DENVER (Reuters) – A Denver man accused of killing his wife can use more than $500,000 received from her life insurance policy to pay for the lawyers defending him against the murder charge, Colorado’s highest court ruled on Monday.
The opinion by the Colorado Supreme Court overturned a probate judge’s ruling that Robert Feldman, 55, who is charged with first-degree murder in the 2015 slaying of his wife, Stacy, was not entitled to the insurance proceeds because of the state’s “slayer statute.”
That law bars anyone from gaining any financial benefit from another’s estate if they are held criminally responsible for causing the death. However, the higher court ruled that the statute does not to apply to a third party – in this case a legal defense team – that is paid for a “legally enforceable obligation.”
Criminal charges were not filed until nearly three years after the woman’s death, by which time Robert Feldman had been paid $751,910 as the sole beneficiary of his wife’s life insurance policy.
The slayer statue, Monday’s opinion said, “does not expressly address the question of freezing insurance proceeds until it can be determined … whether the person receiving the payment was entitled to receive it or not.”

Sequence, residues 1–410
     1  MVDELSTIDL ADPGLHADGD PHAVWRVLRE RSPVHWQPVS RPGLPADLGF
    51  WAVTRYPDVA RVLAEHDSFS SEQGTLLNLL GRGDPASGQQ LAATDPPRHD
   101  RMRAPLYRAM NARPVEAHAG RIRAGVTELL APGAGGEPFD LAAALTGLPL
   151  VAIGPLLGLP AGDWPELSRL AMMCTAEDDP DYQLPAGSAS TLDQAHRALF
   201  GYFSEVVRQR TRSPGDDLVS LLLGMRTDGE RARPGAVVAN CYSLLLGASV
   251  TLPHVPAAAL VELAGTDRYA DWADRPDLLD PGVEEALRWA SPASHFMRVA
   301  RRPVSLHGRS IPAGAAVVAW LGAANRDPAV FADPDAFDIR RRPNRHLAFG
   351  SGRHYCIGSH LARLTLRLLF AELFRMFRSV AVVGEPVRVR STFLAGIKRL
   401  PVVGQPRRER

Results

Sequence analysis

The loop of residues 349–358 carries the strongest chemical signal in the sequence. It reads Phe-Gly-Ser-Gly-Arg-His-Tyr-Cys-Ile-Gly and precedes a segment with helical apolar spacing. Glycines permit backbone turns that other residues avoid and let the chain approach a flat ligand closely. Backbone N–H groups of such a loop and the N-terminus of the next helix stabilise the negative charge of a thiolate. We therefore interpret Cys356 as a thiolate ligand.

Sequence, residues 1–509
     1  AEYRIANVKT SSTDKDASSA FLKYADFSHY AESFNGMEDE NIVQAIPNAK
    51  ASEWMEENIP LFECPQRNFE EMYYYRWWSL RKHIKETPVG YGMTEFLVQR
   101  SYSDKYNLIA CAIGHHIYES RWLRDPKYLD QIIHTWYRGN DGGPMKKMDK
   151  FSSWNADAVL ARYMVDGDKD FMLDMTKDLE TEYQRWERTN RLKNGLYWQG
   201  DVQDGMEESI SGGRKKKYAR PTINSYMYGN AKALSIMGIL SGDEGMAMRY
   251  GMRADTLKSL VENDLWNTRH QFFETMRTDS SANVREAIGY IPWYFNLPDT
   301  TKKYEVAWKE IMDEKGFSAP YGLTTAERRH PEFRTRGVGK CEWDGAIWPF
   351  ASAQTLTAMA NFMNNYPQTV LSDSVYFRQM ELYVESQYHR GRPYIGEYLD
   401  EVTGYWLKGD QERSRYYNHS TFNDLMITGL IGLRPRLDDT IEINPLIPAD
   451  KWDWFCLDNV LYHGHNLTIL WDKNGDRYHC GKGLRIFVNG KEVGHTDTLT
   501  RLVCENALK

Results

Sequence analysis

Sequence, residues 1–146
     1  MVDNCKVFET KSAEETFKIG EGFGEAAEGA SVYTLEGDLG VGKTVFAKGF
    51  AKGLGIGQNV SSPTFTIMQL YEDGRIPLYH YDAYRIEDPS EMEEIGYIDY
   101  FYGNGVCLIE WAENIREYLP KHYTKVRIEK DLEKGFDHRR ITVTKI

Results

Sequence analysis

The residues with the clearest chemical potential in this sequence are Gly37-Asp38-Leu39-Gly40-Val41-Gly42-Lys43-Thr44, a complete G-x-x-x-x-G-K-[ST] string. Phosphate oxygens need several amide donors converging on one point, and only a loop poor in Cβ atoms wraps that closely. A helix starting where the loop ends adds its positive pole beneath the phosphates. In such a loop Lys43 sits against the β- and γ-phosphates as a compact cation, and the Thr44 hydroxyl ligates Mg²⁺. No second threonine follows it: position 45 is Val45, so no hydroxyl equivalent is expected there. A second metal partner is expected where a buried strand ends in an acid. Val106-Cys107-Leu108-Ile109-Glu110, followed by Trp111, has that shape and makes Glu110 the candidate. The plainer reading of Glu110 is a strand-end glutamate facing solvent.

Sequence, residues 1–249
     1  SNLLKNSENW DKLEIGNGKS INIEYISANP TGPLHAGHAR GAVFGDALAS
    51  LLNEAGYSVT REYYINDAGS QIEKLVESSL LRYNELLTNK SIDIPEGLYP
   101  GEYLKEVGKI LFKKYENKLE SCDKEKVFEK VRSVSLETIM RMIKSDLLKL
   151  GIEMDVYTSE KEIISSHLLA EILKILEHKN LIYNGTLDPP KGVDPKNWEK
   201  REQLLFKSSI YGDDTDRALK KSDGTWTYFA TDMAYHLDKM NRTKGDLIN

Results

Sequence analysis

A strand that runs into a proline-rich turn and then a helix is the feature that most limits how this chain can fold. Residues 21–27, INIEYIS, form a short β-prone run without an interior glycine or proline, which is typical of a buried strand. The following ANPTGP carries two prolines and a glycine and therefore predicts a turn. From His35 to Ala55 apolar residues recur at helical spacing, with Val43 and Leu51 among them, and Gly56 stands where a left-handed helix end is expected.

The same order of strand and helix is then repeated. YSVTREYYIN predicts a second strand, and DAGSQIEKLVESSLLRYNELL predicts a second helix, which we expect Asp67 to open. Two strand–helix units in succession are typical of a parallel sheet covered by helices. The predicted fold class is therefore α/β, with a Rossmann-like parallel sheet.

Investigators were suspicious of Feldman early on but the medical examiner’s office initially said it was unable to determine the cause and manner of the 44-year-old woman’s death.
Investigators ultimately enlisted an outside physician specializing in domestic violence strangulation cases to review the autopsy results. The expert concluded that the victim died from a violent assault and strangulation, according to the arrest warrant affidavit.
Feldman, arrested in 2018, gave his attorneys $555,000 from the insurance payout, which was deposited into the law firm’s account.
The legal guardian of the couple’s two minor children successfully argued to the probate court that Feldman was not entitled to the proceeds after he was charged with his wife’s murder. The law firm appealed against the ruling, setting the stage for the higher court’s decision.
Legal analyst Craig Silverman, a former Denver prosecutor not involved in the case, said the children lost out in the balancing test applied by the court.
“When there is tension between civil rights and the criminal rights of an accused, the courts often emphasize the need for a fair trial and the panoply of rights afforded a criminal defendant,” Silverman said. That included a presumption of innocence, he said.
Reporting by Steve Gorman; Editing by Paul Tait